Hochelaga was the original Iroquoian name for the village that ultimately became Montreal, but it is also the name of a rough-hewn French–Canadian neighbourhood located east of — and a world away from — the cosmopolitan city centre. The district’s tidy two- and three-storey brick duplexes, adorned with Montreal’s characteristic wrought-iron staircases, predominantly house families that have, because of poverty and lack of education, never quite attained thriving middle-class status.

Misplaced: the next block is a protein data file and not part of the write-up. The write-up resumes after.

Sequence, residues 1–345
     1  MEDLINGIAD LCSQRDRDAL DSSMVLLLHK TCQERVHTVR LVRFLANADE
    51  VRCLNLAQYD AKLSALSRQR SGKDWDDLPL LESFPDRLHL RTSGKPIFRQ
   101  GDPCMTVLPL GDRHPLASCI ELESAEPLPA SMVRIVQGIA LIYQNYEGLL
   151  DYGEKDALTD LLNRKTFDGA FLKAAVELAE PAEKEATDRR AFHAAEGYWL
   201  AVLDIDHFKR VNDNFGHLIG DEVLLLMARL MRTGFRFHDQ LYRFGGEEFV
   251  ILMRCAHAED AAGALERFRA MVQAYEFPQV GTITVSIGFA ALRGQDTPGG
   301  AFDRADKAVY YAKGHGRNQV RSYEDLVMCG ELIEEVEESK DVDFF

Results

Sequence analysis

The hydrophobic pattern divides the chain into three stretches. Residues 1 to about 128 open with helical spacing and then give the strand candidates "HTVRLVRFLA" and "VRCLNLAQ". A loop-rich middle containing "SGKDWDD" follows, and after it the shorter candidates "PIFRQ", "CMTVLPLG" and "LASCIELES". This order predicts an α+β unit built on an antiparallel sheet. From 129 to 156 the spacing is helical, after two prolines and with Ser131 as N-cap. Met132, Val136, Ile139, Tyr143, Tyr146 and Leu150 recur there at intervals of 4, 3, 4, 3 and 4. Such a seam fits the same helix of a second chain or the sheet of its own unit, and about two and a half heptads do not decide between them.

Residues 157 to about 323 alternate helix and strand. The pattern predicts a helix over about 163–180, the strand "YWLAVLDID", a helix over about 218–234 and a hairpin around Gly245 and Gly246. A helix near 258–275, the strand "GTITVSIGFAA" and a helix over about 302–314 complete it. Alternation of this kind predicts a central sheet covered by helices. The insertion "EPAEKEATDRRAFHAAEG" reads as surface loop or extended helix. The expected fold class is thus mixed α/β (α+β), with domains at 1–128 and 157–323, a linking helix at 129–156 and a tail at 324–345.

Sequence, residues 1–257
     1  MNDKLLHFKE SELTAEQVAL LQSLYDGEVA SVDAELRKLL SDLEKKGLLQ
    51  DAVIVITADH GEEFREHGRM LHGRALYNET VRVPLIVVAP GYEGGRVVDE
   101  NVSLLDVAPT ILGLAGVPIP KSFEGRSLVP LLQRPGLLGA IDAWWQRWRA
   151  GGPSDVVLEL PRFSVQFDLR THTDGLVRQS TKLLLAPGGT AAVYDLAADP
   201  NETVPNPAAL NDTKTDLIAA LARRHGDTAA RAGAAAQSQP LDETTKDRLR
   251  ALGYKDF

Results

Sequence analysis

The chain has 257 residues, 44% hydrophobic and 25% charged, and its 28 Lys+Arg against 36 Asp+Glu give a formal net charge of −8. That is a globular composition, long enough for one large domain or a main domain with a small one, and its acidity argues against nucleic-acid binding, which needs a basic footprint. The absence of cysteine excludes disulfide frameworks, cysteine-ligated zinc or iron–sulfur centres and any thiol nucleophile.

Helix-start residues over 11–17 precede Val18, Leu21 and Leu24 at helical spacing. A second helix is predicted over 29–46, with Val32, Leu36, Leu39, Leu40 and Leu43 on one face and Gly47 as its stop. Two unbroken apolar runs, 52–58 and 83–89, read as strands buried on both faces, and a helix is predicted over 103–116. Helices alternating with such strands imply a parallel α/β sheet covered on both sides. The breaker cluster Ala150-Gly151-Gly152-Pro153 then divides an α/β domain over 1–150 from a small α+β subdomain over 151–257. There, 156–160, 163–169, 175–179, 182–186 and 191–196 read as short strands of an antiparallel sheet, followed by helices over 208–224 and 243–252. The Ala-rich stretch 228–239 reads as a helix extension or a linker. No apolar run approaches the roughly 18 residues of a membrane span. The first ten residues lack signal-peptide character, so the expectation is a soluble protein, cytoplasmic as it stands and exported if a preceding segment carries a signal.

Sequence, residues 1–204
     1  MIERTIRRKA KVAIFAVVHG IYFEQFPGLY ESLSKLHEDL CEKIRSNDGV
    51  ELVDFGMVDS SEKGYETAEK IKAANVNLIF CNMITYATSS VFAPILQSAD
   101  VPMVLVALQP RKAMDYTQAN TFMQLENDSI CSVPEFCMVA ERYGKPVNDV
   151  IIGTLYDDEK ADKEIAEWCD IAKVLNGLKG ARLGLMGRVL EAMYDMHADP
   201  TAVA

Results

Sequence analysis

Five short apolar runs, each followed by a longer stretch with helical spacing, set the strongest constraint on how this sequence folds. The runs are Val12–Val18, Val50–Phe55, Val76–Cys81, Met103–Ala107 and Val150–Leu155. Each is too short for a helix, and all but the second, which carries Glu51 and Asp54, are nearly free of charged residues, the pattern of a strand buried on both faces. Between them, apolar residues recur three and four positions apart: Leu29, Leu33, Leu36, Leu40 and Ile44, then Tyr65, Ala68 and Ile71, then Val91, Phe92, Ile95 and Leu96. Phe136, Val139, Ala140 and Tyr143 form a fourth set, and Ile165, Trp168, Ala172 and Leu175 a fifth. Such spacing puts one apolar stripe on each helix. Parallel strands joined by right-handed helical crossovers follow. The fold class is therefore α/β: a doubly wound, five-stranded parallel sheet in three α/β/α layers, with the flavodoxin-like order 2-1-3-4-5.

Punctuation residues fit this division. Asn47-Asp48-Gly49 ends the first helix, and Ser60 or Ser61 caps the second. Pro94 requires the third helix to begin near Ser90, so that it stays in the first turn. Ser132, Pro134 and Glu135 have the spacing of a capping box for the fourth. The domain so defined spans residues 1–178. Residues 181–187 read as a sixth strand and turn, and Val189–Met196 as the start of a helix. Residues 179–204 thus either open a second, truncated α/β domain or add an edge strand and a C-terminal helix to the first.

During the 1980s, public-school officials identified Hochelaga and many other impoverished neighbourhoods in the eastern part of Montreal as places where kindergarten children disproportionately displayed severe behavioural problems, such as physical aggression. The school system asked a young University of Montreal psychologist named Richard Tremblay for help. “Their parents didn’t have a high-school diploma, and many of the mothers had their first child before the age of 20,” Tremblay says of the families he began to study, as he walks along Rue Ontario in Hochelaga on a sunny afternoon in September. Those were the women, he adds, “most at risk of having children who have problems”. Over the past three decades, Hochelaga and similar neighbourhoods have served as living laboratories in the study of the roots of aggression. Since 1984, Tremblay and his collaborators have followed more than 1,000 children from 53 schools in the city from childhood into adulthood. And in 1985, he initiated a ground-breaking experiment in which some families of at-risk children were given support and counselling to help curb bad behaviour. His research overturned ideas about when aggressive behaviour first emerges, and showed that early intervention can deflect children away from adult criminality. The idea that a nurturing environment provides better outcomes for children hardly qualifies as news, but Tremblay has taken this idea in a provocative direction in the past ten years. He has joined researchers at McGill University in Montreal and the US National Institutes of Health (NIH) in Bethesda, Maryland, to investigate how nurturing or adverse environments might exert their effects at the molecular level, influencing gene expression through a mechanism known as epigenetics. Tremblay’s Canadian cohorts are part of a growing trend for using longitudinal studies, which follow the same individuals over an extended period of time, to look for epigenetic signatures that might affect health and behaviour later in life. Research in this area is still preliminary — and not without its critics — but Tremblay believes that a firm grasp of early epigenetic effects could inform interventions to influence everything from obesity to mental illness. “There is a body of evidence, from natural experiments and actual experiments, showing that early-life experiences affect long-term outcomes such as crime, health and wages,” says James Heckman, a Nobel-prizewinning economist at the University of Chicago in Illinois who is currently working with Tremblay on an early-intervention study with at-risk pregnant mothers in Dublin. The work of Tremblay and others, he says, “has established a firmer biological basis for how early-life experiences affect these processes”. Setting goals Tremblay’s own early life revolved around sport. His father, Wilfrid Tremblay, played Canadian football from 1938 to 1951, and Richard was an accomplished ice-hockey goalie. When Jacques Plante, the Hall of Fame goalie for the Montreal Canadiens, suffered an injury during the Stanley Cup Playoffs in 1961, a team representative called the then-17-year-old Tremblay asking if he could report to the minor league practice rink the next morning. Tremblay, soft-spoken and mild-mannered, allows that he was “invited to join” the most illustrious franchise in Canadian sports, but concluded that he was too small to play at the professional level. He decided to attend college instead. Tremblay studied physical education at the University of Ottawa. But before his final year, he read a cult novel by J. R. Salamanca called Lilith (Simon & Schuster, 1961), about a recreational therapist who falls in love with a young female patient at a psychiatric hospital. To a naive 20-year old, the work sounded fascinating, and when he returned to college that autumn he applied for a job as a recreational therapist at a high-security psychiatric hospital in Joliette, Quebec. He quickly found himself in over his head, working with convicted murderers and violent criminals. But it was during this time that he first started to wonder about the psychology of aggression. “It shows how a novel can change a life,” he says.